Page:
The demand for both Islamic finance (IF) and clean energy (CE) was a by-product of visionaries seeking alternatives for interest based finance and fossil fuel, respectively. The pioneers were often categorised as ‘ahead of their time’, a commonly understood code phrase for ‘won’t work or be accepted.’

Yet, propelling pioneers of both industries was the recognisation there would be negative consequences if the world continued to follow status quo, greenhouse gases resulting global warming and debt and derivative fuelled financial crisis. Thus, a viable option was needed that would eventually ‘scale size’ and become ‘conventionally competitive.’

As in any embryonic industry, like IF and CE, there are growing pains associated with inefficiency, availability, pricing, reliability, tax, etc., and, only through low or sunset subsidies and passage of time, would it become mainstream acceptance.

In assuming nearly four decades have passed since the birth of IF and CE, these two sectors have more in common and need to work together.

Ethics: Harm and Haram

Ethics is in the eye of the beholder, hence, one man’s ethics may be another’s sin. Notwithstanding, ethics can be viewed, at minimal, ‘do no harm’ and in the case of Islamic finance, ‘do no haram.’

Clean energy may be defined as ‘... sustainable provision of energy that meets the needs of the present without compromising the ability of future generations to meet their needs ... sustainable energy include renewable energy sources, such as hydroelectricity, solar energy, wind energy, wave power, geothermal energy, artificial photosynthesis, and tidal power ...’ Source: Wikipedia.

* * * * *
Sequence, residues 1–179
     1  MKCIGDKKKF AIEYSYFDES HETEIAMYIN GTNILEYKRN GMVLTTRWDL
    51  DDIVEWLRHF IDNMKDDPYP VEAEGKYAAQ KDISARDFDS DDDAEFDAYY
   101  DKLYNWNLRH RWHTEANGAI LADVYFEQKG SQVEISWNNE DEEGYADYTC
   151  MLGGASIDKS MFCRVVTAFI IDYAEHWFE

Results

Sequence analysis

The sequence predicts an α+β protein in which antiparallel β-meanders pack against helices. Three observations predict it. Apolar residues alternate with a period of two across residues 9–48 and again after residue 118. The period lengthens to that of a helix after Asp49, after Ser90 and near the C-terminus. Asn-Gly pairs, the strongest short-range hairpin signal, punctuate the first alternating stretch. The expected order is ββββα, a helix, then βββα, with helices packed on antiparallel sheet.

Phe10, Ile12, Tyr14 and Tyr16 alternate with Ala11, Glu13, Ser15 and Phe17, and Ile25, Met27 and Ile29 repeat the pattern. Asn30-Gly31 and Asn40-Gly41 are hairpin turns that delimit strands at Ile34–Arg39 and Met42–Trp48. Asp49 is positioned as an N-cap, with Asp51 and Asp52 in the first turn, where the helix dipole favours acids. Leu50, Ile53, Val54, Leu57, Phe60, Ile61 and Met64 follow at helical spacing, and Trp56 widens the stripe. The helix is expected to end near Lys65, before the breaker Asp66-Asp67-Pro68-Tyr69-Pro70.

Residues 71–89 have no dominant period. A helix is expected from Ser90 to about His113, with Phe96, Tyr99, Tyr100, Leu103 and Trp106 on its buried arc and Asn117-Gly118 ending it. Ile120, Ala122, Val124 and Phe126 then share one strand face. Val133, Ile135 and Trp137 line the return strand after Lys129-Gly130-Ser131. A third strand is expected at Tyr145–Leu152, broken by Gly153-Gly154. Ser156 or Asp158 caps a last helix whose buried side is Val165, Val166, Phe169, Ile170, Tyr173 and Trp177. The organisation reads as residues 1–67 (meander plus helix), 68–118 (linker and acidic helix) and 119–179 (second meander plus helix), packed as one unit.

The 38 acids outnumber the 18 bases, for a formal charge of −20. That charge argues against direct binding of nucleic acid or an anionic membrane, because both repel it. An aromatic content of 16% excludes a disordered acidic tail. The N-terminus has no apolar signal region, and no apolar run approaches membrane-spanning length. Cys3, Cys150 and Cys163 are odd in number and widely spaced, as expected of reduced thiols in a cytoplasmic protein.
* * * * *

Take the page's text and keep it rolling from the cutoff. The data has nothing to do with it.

Islamic finance ‘... banking activity that is consistent with the principles of Shariah ... Sharia prohibits ... investing in businesses that provide goods or services considered contrary to Islamic principles is also haraam (‘sinful and prohibited’). Source: Wikipedia.

Thus, the overlap between IF and CE may be summed up as PPPA: Principals (secular conduct/behaviour and spirituality), Preservation (stewards of the Earth), Protection (of good), and Avoidance (of bad).

Application

All inventions and innovations attempt to address a gap, as the end goal is a knowledgeable customer that furthers the cause by purchasing and/or participating. To convince the customer of conscience requires primarily values alignment and, secondarily, acceptable levels of price penalty premium. But, for how long?

Query: Is there an acceptable premium on values?

For IF, the customer is willing to pay little bit more for financing home and car or insurance premium (Takaful), and willing to accept slightly inferior returns on their investment, as long as there are regulator and scholar sign-off. Thus, an acceptable level cost of being a Muslim (CoBM) in the short term, i.e., a sunset subsidy from the client to the compliant institution/offering.